FORKSVILLE, Pa. – The howl of cheering voices and clatter of cowbells in the distance echoed off the hemlock and hardwoods, joining the patter of raindrops and squishing of footsteps in the mud as the only sounds in the forest on this damp, dark night.
The finish line was less than a mile away; within earshot, it felt tantalizingly close. I’d be there soon, if I could just navigate this final windy descent.
“Chris! Be careful!” implored Alex, my girlfriend and pacer, who followed 20 feet behind me, watching as I slipped and stumbled along the muddy, rocky trail. The beam from my Black Diamond headlamp cut through a dense fog, revealing that the singletrack had eroded into half-track, with barely six inches of width available for foot placement. I grabbed trees to my left for support as the ground to my right crumbled and disappeared down the hillside.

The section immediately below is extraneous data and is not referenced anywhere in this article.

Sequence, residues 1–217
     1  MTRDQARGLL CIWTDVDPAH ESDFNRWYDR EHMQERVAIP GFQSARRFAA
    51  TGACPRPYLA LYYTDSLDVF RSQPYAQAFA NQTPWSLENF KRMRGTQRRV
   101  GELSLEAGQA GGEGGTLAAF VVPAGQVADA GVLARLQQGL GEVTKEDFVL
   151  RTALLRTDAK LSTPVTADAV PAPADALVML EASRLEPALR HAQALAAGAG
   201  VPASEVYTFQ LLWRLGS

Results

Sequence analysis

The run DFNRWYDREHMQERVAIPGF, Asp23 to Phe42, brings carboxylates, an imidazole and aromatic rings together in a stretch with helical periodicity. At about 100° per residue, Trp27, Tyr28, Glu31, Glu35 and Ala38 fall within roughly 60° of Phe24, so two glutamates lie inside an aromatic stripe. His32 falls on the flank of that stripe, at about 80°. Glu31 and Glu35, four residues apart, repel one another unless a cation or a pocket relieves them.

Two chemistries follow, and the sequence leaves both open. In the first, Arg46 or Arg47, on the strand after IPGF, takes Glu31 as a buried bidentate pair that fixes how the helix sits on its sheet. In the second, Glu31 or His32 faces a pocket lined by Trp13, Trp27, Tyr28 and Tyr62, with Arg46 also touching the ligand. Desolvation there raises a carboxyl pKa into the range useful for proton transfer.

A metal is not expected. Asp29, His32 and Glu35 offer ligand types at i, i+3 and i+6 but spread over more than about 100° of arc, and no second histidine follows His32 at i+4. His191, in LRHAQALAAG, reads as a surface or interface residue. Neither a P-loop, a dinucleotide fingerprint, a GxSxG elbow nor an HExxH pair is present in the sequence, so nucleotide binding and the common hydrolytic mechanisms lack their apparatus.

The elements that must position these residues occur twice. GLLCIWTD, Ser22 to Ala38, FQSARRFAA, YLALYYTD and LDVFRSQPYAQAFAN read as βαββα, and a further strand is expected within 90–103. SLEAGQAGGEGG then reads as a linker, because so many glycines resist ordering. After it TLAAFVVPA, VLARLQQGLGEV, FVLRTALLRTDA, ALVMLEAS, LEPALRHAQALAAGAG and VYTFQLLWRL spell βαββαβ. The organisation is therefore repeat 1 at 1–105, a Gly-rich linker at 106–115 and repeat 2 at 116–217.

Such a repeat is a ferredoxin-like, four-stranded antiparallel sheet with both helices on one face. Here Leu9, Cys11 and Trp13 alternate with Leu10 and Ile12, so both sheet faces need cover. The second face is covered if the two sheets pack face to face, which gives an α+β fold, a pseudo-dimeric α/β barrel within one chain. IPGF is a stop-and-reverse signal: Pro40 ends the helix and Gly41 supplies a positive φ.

I was running on fumes; drunk on Gatorade and exhaustion. This was the final – and most harrowing – battle with a course that had proven to be every bit the beast that I anticipated when I signed up back in January. I wanted to take on a race unlike any I’d ever attempted, with a course that would test me mentally and physically every step of the way and dare me to quit. I wanted to stare failure in the eye and see if I would blink.
Now, after nearly 18 hours of running, hiking, and climbing in the Endless Mountains on the Loyalsock Trail and the Worlds End 100K course, the staring contest was about to end in a tie – and, as is the case in baseball, the tie goes to the runner.
Staring Down Temptation
The Pennsylvania Department of Conservation and Natural Resources describes Worlds End State Park as “Virtually in a class by itself, this wild, rugged and rustic area seems almost untamed.” The Worlds End race directors even issued a warning: “This is NOT a beginner-level ultra and participation in the race should not be taken lightly.” I spent three months reading those descriptions daily; tempted by the words; wondering if I’d have the guts to actually sign up to take on my longest race ever on some of the gnarliest terrain in America. Upon giving into temptation and registering, I read that description nightly, taunted by it and haunted by it.